Friday, September 23, 2016

In My World Of Liberal Journalism

One of the most tiresome trends in opinion journalism goes like this:

I have found some people with wacky opinions, therefore

Everyone must support my utterly deranged policy proposal.

As regular readers will know, one of the serial offenders for this rhetorical style is the Spectator's Nick Cohen, who is very fond of announcing that because Person (x) is bad and wrong, we must immediately do something tremendously stupid and counter-productive.  Previous examples include: 

George Galloway is a bad man who proposes bad ideas, so 
Let's invade and occupy other countries.

Islamism is a horrible, vicious political movement with totalitarian aims, and thus
We must drop lots of high explosives on heavily-populated urban areas.

Lots of people now hold views that many people think are racist, but
I have decided those views aren't racist, so let's espouse these totally-not-racist views and win votes.

Given our mutual interests, I'm fond of using Nick as a weathervane for the trends of UK politics, so the following line from his latest column on the Labour Party poked out rudely, like a turd in a teacup: 

"...The sleaziness of (Jeremy Corbyn's) behaviour has allowed his opponents to avoid a question that the rise of the SNP should have made unavoidable: Can they create a progressive English patriotism?"

Now, the main thrust of Nick's piece is that the Labour leader and his supporters are bad and evil and wrong but again, it's worth noting that Nick is saying:

Corbyn and his fans are bad and evil and wrong, and so 
We must create a progressive English patriotism.

This idea - imitating the SNP's progressive nationalism - is exactly the kind of thing that strongly appeals to English people who are utterly clueless about Scotland, England and nationalism, and quite possibly about politics as well.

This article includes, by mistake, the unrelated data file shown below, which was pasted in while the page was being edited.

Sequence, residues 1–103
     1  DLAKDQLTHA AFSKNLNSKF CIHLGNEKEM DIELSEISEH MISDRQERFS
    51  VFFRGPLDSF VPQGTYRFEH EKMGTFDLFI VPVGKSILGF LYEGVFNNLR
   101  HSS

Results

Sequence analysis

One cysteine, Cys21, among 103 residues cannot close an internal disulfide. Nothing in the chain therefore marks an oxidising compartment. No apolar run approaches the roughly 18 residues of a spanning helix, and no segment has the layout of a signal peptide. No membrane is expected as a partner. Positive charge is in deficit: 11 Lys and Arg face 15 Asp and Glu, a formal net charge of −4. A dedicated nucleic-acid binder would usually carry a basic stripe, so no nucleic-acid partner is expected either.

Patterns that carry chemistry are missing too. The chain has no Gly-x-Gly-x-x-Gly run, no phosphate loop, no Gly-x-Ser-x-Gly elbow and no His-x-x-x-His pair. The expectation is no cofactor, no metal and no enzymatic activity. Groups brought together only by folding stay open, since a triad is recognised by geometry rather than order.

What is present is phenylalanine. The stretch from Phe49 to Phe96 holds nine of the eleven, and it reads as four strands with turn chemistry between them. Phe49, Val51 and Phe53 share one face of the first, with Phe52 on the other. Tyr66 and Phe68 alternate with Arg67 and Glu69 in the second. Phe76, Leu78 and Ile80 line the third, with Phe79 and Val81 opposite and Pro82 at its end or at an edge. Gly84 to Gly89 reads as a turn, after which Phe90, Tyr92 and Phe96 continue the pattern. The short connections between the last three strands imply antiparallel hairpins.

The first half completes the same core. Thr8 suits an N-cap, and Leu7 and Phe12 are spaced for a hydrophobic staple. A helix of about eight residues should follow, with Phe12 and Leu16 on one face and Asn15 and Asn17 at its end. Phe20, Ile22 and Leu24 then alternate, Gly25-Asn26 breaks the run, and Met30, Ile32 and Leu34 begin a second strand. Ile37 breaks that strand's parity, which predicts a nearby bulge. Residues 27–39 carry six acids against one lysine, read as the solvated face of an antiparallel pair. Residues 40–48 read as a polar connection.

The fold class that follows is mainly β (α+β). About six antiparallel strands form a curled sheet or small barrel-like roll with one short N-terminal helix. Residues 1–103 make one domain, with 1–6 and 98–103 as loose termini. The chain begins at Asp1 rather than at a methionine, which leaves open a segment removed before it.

Here's why: 

1)  Plus ca change, plus c'est le meme chose 

Which is French for, "Every few years some fucking berk wanders in and announces that we need to create, like, 'a progressive English patriotism', as if he's the first person ever to think of it".

Perhaps there is a way to harness this theoretical progressive patriotism - it has certainly been tried, by smarter people than Nick.  On the other hand, it's worth noting that whenever you haul English patriotism to the polling station, it tends to vote for the meanest, ugliest, nastiest right-wing lunatic on the ballot.

Does this mean that English patriotism will forever be a weapon wielded only by angry Tories and country-dwelling, wannabe Mussolinis?  Well, maybe not!  It is, however, a strong indicator of the general flow of patriotic politics in that country.

This is before we address the likely ability of the available candidates to achieve success.  Do Yvette or Hilary have the mettle to forge this new progressive alliance?  Is Chukka going to win over the north with his fiery rhetoric?  

Christ, no. 

2)  The SNP will absolutely love it.

The SNP in its modern form is basically the Labour Party's rhetoric and policies, delivered with barely-restrained anti-Westminster hysteria, to the extent that the only major difference between the two parties' manifestos in 2015 was over Trident, IIRC.

The SNP exists and thrives not because it has a big smiley, happy-happy attitude to patriotism, but because it has something clearly defined to push back against.  All it says, week in and week out, is that we could have awesome hospitals and more jobs and better education, if it weren't for the BASTARD SWINE at Westminster.

It's only a small exaggeration to reduce the entire movement to "English people are all like, Rah-Rah, Faw-Faw-Faw, Let's smash the oiks, but Scottish people are just like, Aye, whatever pal, nae bother".

Consider - is it likely that the solution for this is to create an equal and opposite form of the same thing?  Can anyone see why this might create more problems than it solves?

This makes as much sense as trying to eradicate lions by feeding them steaks and steroids.

3)   Nationalism = Nationalism.

One of the SNP's celebrity supporters asked recently why the First Minister was on TV talking about holding another independence referendum, when a survey had just illustrated the terrible extent of poverty in Scotland.  

This is a bit like asking why The Cookie Monster is on TV talking about how he wants to eat lots of cookies, while ignoring Scottish poverty.  

Scottish nationalism is all about securing independence, by fair means or foul.  Whatever your damnable progressive agenda is, there's little point in trying to bolt it onto the SNP.  Anything that you try to stick to the side of the nationalist program will be immediately consumed by the single priority of independence, either now or further down the line.